And I can see your point in thinking we've maybe hit peak saturation with serious standup scenes, but I also feel that you could make that argument about how any art form is used as a device in films and television. I think that we're in a new era where standup comedy is finally being recognized as a serious medium on the same level as literature, songwriting, painting and filmmaking. How many times have we seen one art form used in great works of art to emphasize how people are able to express themselves? I don't know if it's lost potency so much as we're finally seeing standup comedy used as a device for expression, especially for (not to speak for you) people who follow a lot of comedians on podcasts and on social media, so it might seem like a lot to fans of comedy. Personally, I'm thankful for seeing more of it on screen. Except for Showtime's I'm Dying Up Here, which uses serious standup comedy scenes to a disgustingly excessive degree, even if it is a show about standup comedy.
Shawn: That’s a valid point, that maybe the comedy/bombing scene didn’t work for me because that environment of seeing comedians, while it’s certainly quite popular, is still novel. If I were to frame it in the same way I would writer’s block, perhaps I’d be less critical. It just gets tired because the stakes are always the same—an audience’s letdown—but in the abstract it could just be considered someone being bad at their job, like screwing up a presentation at work.
Staying in the comedy arena, you mentioned Kumail’s comedy circle and how those relationships with his friends are significant. I completely agree that the film treats those relationships with concern, but I kept wondering why. Whatever it did to develop Kumail’s character wasn’t worth the time it was stealing away from his relationship with Emily and/or her parents. Again, I think it had too many ambitions for its own good and ends up being stretched thin. It was as if it wanted to be Funny People and Master of None and a standard rom com, but also it wanted to be Don’t Think Twice. If this was an Apatow film, rather than just being his production, I shudder to think how expansive it would’ve run, giving these disparate subplots additional dedication. The extra riffing alone would’ve padded on 12 more minutes!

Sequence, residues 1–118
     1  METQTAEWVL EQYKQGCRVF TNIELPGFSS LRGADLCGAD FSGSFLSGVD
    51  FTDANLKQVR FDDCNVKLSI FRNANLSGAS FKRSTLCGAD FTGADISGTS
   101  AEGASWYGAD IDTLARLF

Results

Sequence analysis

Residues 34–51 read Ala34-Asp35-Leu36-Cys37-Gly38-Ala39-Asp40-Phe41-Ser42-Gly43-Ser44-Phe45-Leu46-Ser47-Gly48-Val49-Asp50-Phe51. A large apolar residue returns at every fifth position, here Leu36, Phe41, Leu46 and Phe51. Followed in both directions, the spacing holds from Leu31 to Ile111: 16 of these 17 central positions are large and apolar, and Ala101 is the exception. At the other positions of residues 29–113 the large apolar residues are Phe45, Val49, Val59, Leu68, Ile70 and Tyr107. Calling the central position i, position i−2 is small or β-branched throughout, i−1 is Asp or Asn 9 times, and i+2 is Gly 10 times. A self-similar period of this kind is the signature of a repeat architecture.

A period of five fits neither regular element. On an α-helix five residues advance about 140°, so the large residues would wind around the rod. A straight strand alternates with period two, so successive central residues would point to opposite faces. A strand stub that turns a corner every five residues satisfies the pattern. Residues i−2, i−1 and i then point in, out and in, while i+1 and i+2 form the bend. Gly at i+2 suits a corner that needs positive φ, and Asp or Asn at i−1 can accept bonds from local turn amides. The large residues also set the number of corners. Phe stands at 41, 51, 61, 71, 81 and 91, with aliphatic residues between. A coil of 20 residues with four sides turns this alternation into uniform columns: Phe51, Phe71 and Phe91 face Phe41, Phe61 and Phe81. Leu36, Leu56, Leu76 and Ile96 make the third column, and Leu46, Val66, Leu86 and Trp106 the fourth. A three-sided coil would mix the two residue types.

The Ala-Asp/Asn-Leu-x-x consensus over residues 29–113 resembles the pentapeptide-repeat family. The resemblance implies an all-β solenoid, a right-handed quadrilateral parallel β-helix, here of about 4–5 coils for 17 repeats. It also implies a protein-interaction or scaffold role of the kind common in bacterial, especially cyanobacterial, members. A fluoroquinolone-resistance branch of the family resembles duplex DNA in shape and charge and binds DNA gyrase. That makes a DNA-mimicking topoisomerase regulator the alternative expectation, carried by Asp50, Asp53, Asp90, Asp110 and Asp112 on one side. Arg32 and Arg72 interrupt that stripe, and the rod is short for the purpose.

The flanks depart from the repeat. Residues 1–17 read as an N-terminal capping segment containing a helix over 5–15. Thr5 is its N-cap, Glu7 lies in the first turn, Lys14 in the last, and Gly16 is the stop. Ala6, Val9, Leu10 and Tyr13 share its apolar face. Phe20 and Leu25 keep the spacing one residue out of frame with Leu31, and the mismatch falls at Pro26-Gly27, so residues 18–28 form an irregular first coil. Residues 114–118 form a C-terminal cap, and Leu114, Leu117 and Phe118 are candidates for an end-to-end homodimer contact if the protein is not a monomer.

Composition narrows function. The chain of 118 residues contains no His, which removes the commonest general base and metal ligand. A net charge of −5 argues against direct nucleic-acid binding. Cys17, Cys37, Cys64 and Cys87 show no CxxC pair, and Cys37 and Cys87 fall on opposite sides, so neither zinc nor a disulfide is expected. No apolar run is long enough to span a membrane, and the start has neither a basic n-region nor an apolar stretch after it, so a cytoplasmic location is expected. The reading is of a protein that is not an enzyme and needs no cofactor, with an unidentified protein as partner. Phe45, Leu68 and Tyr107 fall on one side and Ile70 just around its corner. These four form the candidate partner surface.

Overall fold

The New Yorker’s Richard Brody had an aptly titled piece called “The Bland Likability of The Big Sick” where he articulates the film (and its characters’) generic feel—be it during heavier moments about family and culture or outright comedic passages. He says it abstains from feeling individual or intimate for the sake of being likable. That was my experience as well. Despite The Big Sick having the initials “TBS,” it’s not very funny. I mean, I remember laughing during the film, but I can’t remember any funny jokes (save for one absolutely hilarious joke about 9/11, which even that, as Brody mentions, feels shoehorned in rather than a joke that gels with the characters involved). It was like going over to someone’s house expecting some labored-over, delicious, homemade pizza but instead they snuck in a couple high-end frozen cheese pizzas. I ate the hell out of ‘em, had a great time, but man, I will not remember those pies, nor did I learn anything about pizza during the experience.
Jacob Knight, a film critic for Birth.Movies.Death. who, like most, was enthusiastic in praising The Big Sick, said this is a film we need right now to showcase how “love Trumps hate” and compares its necessity to that of last year’s opus, Moonlight. That is not the film I watched. The cultural weight of The Big Sick is pint-sized, downgraded in a film that had too many irons in the fire, and the romance is content aiming for charm over intimate details. The most poignant and precise thing about the movie was the relationship between Ray Romano and Holly Hunter’s characters as Emily’s parents. They’re by far the most developed characters in the film and their dynamic feels so lived in. At one point, they get into a heated discussion in a hospital lobby and Romano, after being insulted by her, tells Hunter he doesn’t need to hear anything else she has to say at the moment. “I’ll play the greatest hits in my head from memory.” His delivery makes this line sizzle, and we immediately have an understanding of the foundation of their relationship. There is no other scene in the film as strong, none that will sit with me like that one has. This is not a film we need. It’s a better than average date movie.